January 6, 2012
Our column about some of the most bizarre questions asked by employers during interviews in 2011 brought in quite a bit of feedback. Here were some of the wacky questions (and answers) readers shared with us through emails and on Facebook.
Patrick wrote: "I had someone ask if I could tell if they had been drinking. I said no and asked if they had brought any extra."
"I was hiring an instructional designer to write a diversity course for a large software company," wrote Peggy. "When asked for two examples of how he'd write scenarios representing diversity, the applicant came up with two ideas: Dirty vs. clean puppies and 'Kevin wears ladies skirts and heels to work while Jane prefers pants.' After concluding the interview as quickly as possible, I nearly died of laughter. Needless to say, he (whose name was ironically Kevin) didn't get the job."
"Years ago an interviewer quickly reviewed my resume, and opened up the interview by saying, 'Well I don't see you walking on water,'" wrote Larry.
"'Are you the bat or the ball? Why?'" wrote Yvonne.
"In response to my question of what time he was available for an initial phone interview on a given day, a candidate declared that we would speak at 10:13, and would limit the interview to 20 minutes so as to be respectful of each other's time. Needless to say, we did not have that interview," wrote Sonja.
"My favorite question: 'How many barbers are there in the U.S.?'" wrote Tom. "I got the answer within 5 percent. I didn't take the job, though."
"I was facing three women across the interview table," wrote John. "The lead interviewer drops this bomb: 'Does being a man of your size intimidate other women you've worked with other the years?' I figure I was out of the running before I hit the sidewalk. I should have pursued legal action or at least filed a complaint. Man — that's bothered me for years!"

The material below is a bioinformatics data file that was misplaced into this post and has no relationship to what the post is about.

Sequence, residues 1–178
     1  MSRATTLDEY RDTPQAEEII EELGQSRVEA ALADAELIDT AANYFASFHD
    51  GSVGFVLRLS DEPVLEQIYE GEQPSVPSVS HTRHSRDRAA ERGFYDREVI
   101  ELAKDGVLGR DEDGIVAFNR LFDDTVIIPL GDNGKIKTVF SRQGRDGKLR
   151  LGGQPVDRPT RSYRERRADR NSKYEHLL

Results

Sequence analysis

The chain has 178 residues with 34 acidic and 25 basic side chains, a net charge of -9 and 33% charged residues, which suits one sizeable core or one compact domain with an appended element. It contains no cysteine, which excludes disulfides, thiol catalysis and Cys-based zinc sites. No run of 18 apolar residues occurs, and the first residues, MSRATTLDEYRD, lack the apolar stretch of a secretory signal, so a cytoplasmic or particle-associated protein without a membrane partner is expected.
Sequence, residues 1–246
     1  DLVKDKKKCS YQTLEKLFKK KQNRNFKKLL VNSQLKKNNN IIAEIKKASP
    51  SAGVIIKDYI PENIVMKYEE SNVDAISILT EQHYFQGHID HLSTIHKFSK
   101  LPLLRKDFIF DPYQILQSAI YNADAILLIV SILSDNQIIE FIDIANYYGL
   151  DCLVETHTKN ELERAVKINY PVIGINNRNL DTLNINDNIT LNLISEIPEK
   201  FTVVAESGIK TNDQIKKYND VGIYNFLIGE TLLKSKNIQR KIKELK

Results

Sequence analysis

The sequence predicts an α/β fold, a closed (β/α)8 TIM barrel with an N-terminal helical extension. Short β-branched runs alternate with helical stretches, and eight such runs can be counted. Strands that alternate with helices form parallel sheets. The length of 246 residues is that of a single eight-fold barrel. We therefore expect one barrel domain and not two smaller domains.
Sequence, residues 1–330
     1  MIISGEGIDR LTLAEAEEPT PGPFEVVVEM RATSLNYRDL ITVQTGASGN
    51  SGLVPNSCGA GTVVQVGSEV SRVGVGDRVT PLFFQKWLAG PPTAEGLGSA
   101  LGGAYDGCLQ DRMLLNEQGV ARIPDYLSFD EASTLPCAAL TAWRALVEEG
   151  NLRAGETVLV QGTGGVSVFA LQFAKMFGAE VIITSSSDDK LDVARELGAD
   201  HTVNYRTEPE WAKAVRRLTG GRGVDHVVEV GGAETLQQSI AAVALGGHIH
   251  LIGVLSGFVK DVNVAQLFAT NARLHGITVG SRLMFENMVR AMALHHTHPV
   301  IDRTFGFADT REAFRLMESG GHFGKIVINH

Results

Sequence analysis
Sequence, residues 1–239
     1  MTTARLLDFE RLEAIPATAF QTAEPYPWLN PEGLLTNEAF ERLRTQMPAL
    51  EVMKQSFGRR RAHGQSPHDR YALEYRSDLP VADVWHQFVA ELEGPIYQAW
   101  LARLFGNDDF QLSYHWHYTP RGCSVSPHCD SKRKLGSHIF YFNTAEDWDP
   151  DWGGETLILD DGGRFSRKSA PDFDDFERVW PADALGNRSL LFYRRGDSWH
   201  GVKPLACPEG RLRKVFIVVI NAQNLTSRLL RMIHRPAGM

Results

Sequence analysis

"'How do you drive a battleship?'" wrote George. "This was asked at a radiation safety company I worked at for 10 years."
It wasn't really a job interview, but we liked Linda's story: She was working on a documentary about the tension between American nuns and the Vatican and asked a priest, "What is the purpose of women?" His answer was, "Obviously to bear children." "That made my show!" she wrote.
Michelle was being interviewed for a manager position. "They asked, 'Are you able to set good examples and be a good leader?' I said, 'No. I'm a follower. I don't like leading at all,'" she wrote. "After an uncomfortable silence, I thanked him for his time and left. And did I mention I was 15 minutes late?"
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